Located at the base of the Sofitel Hotel on Collins Street, Pei has established itself as a premiere all-day dining venue offering a breakfast, lunch, and dinner as well as a bar menu. Pei has recently been awarded the prestigious honour of ‘Best New Restaurant’ in Victoria for 2012, by the ever reliable Age Good Food Guide. Being awarded such a prestigious honor certainly pumped up my expectations (and appetite) before attending.
The cuisine is modern Australian incorporating gastronomic edge to many of the dishes. I was recommended by many to take advantage of the degustation dining experience. This consisted of 7 courses at, dare I say, a reasonable price of $90 per head (without tip or alcohol included) but I do think that it was quite reasonable for the callibre of the food. As such, we swooped in while we can still afford it. An a la carte option is available too.
Our palette was whet with freshly sliced sourdough, butter and salt – the key to this chommer’s heart. The simple combination of these three basic staples makes for a superb beginning to the feast. To cap it off, the hospitable staff replaced the full package as soon as we were done. Believe it or not – the upcoming feast was so large we only went through two rounds of bread!
The first course was the almond garzpachio with blue swimmer crab. This was a fabulous opening dish that was light but flavourfilled. Small pieces of fresh crab were hidden under a dressing that we felt tasted almost like hummus. Sweet red grapes were included too, which balanced the dish well.
We moved onto the cold smoked tuna with goat’s curd and mustard seeds. This dish was an artist’s piece and almost looked to good to chom. Almost! Possibly the finest tuna that has ever graced my lips. Add all that other craziness and liquid goat’s curd underneath – you have a delicious dish.
Just a little warning, don’t be a hater and just eat Peter – he tastes delicious. The rabbit meatballs with slow cooked carrot were to die for! Definitely in the top 7 dishes we had for the night. While these were not as visually appealing, they made up for it in sheer eating delight. Warm, soft and full of juice, lying in juice. The carrots were not the center of attention but were divine too and soft as butter.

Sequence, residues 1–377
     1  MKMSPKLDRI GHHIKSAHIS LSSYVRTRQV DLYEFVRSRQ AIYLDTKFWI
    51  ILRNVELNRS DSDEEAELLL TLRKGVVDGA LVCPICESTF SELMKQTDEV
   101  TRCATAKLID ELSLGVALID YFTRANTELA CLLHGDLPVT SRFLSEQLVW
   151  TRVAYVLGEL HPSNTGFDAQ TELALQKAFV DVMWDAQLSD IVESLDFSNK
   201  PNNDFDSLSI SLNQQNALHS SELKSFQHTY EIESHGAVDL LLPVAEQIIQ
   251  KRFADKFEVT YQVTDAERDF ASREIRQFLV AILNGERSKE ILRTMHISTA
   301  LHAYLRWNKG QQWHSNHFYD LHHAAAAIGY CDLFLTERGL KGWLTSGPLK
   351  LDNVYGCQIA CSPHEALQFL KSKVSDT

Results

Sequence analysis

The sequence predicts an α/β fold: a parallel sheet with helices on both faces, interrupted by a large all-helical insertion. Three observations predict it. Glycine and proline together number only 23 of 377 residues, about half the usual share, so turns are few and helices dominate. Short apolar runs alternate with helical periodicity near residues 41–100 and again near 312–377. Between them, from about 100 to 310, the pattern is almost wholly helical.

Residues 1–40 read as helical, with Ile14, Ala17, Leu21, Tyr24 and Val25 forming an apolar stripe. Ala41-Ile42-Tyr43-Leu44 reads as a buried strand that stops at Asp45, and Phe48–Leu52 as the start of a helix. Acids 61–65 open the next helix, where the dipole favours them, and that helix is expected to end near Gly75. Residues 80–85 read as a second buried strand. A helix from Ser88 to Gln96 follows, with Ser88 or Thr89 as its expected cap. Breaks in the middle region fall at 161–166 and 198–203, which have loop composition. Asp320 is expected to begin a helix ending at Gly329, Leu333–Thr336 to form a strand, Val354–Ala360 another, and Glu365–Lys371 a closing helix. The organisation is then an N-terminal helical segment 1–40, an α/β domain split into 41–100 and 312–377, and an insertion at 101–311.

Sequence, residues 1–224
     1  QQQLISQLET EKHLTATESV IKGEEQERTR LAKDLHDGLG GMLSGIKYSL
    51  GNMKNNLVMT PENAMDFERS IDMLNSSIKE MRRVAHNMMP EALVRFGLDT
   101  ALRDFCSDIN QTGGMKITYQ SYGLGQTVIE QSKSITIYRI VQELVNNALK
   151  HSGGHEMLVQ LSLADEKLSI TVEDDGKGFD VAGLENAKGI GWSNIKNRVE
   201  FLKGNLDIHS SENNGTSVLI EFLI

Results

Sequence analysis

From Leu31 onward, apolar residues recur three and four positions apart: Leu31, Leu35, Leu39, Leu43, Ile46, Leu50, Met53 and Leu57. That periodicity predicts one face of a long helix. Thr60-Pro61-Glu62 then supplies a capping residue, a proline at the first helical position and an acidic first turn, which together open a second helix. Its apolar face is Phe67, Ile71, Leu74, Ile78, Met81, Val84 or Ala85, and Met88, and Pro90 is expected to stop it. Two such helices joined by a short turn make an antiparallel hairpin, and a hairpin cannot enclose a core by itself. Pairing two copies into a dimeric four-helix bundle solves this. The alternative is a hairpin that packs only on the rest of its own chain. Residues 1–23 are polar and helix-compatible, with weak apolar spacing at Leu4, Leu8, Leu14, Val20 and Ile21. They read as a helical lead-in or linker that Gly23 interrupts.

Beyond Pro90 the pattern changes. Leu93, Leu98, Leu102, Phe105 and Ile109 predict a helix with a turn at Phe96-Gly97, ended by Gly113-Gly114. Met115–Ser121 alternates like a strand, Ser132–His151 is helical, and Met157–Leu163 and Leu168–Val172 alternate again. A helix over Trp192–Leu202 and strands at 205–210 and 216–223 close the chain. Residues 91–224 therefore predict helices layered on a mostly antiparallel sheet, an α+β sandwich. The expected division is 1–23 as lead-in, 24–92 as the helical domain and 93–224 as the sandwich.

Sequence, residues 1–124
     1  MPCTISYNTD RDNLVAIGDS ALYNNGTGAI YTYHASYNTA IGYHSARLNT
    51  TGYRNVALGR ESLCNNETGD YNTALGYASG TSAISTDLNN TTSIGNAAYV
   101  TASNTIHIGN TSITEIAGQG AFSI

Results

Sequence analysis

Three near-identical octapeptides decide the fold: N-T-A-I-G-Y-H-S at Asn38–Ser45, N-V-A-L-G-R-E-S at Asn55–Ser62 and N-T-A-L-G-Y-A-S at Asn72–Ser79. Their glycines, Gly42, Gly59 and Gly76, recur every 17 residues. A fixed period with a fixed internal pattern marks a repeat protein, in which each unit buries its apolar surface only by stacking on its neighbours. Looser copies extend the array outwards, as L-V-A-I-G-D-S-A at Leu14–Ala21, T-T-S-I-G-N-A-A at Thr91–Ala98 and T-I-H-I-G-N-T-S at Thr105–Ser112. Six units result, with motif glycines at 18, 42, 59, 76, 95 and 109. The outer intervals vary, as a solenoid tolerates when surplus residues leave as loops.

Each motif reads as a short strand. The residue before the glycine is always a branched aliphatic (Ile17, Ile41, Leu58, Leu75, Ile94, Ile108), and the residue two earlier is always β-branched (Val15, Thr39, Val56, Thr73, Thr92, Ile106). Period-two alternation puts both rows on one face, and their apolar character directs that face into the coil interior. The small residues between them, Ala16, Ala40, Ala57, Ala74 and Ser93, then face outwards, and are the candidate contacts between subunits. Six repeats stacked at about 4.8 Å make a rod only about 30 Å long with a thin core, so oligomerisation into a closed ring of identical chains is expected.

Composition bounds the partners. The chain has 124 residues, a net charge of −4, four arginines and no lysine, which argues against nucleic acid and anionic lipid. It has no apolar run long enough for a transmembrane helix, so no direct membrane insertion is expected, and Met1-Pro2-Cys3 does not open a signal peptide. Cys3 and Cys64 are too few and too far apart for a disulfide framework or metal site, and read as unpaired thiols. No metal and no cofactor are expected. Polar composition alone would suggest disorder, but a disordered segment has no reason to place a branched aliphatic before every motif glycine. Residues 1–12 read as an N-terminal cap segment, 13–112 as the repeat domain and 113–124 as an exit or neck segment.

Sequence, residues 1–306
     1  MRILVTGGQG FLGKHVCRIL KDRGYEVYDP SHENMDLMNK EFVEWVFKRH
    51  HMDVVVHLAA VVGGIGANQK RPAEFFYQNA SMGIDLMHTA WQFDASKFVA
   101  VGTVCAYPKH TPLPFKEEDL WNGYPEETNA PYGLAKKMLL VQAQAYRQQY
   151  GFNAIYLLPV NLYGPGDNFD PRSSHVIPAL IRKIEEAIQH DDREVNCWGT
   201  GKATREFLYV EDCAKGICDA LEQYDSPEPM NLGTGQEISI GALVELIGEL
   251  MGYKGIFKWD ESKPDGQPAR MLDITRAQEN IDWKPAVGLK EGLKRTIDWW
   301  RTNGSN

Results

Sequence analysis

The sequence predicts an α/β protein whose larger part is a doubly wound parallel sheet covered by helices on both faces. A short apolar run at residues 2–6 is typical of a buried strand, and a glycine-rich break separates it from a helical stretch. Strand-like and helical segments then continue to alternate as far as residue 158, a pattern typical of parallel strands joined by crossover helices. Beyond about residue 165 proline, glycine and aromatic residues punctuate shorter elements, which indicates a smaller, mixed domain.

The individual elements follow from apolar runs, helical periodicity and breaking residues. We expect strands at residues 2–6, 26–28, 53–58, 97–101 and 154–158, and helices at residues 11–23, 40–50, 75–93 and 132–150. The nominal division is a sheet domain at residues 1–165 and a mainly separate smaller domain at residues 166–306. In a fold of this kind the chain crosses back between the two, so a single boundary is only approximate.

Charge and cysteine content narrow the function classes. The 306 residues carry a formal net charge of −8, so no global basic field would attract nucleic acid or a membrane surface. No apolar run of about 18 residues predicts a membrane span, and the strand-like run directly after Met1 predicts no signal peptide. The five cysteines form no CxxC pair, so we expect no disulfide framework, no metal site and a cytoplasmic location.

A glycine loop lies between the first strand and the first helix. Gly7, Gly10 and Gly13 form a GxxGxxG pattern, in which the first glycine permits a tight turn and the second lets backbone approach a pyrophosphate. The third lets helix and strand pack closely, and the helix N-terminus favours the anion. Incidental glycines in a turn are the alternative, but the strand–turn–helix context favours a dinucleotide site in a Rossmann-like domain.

From my understanding, this is quickly becoming Pei’s signature dish. This is Dutch cream potatoes with bone marrow, potatoe mousse and coffee grounds. While the name/description do not sound too desirable, I felt I was comfortably in safe hands. This was a massive serving of soft potatoes hiding beneath the super flavoursome creamy broth. Word’s cannot describe the flavours – a must try!
The fifth and final savoury course was the wood fire grilled hanger steak charred pablano pepper and harissa. A beautiful, rare piece of meat to take the centre stage with the harissa a ‘match made in heaven’ accompaniment. Truthfully, we were all full to the brim by this point. How did we manage dessert?
Dark chocolate sorbet with crushed chocolate and honeycomb. The photo does not depict this well, you may be able to make out the chocolate at the base of the cones. This is for dipping the ice cream into – need I say more? And, YES double dipping did occur – triple too!
The 7th course finally arrived – the one that we truly believed that our stomachs had no room for. It was white chocolate and yoghurt ganache with fresh mandarin and sorrel sorbet. I summoned to the almighty chomming gods for the strength to plough this dessert.
Pei Modern is truly something special. Save it for a special occasion or don’t – either way just make sure that you find the time to go down. Hands down I would recommend the degustation experience as an awesome way of trying a large portion of the menu. From what I am aware, the menu changes every day of the week but Sunday when Pei has a little rest. Open from 5:30pm all other days – Pei Modern is at your service.
The Important Details…
Cuisine: Modern Australian / Gastronimic
Noise: Nice hum
Bookings: Yes – Praise the lord
Suitable for: Adults inclined
Dress: Work wear appropriate
Price: $90 per head (excluding alcohol)
My View: An affordable and scrumptious degustation experience
Address: 45 Collins Street, Melbourne
Phone: (03) 9654 8545
Deep in the heart of Melbourne’s prized eating precinct of St Kilda you will find a small and friendly cafe that goes by the name of Miss Jackson (MJ). The address of these premises is 2/19 Grey Street, although humans would be wise to enter from Jackson Street – if in doubt use a Google map application or the good ol’ fashioned Melways.